Saturday, September 24, 2011

Neutrinos not likely faster than light.

It is recently very widely reported in popular media that scientists in Italy, (the OPERA experiment under Gran Sasso mountain), have detected neutrinos traveling slightly faster than the speed of light.

Reportedly, GPS — with much adjusting for various effects and uncertainties — was used to determine the distance from source to detector. I am wondering how they allowed for differences in elevation. What does GPS say about elevation? Any measure of elevation ought not be relative to nominal “sea level”, as that varies by latitude, but relative to the center of the earth, basically defining a precise triangle from center of earth, source and detector. Besides just the geometry, there is a small time dilation effect associated with differing depth within the earth’s gravity well.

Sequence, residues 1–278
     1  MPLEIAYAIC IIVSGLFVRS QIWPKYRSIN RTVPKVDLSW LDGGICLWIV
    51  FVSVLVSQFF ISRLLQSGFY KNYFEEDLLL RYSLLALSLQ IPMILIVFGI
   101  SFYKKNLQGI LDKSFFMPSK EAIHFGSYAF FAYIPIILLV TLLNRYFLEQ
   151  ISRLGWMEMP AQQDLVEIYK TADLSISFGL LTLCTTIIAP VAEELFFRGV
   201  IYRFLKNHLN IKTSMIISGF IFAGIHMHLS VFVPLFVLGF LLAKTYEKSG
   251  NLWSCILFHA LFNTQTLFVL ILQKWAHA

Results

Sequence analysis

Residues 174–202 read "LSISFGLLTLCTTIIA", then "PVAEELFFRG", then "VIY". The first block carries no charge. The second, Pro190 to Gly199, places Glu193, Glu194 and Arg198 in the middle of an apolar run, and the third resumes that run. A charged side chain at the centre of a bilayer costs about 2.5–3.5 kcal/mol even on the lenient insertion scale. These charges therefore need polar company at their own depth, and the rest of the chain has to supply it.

I wish I had the time and expertise to plow through the details myself but, as a dilettante, all I can manage is to put on record my guess where the error might be — along with my very firm, (almost absolute), conviction that there must be an error. There is simply too much that is well explained by relativity as it stands.

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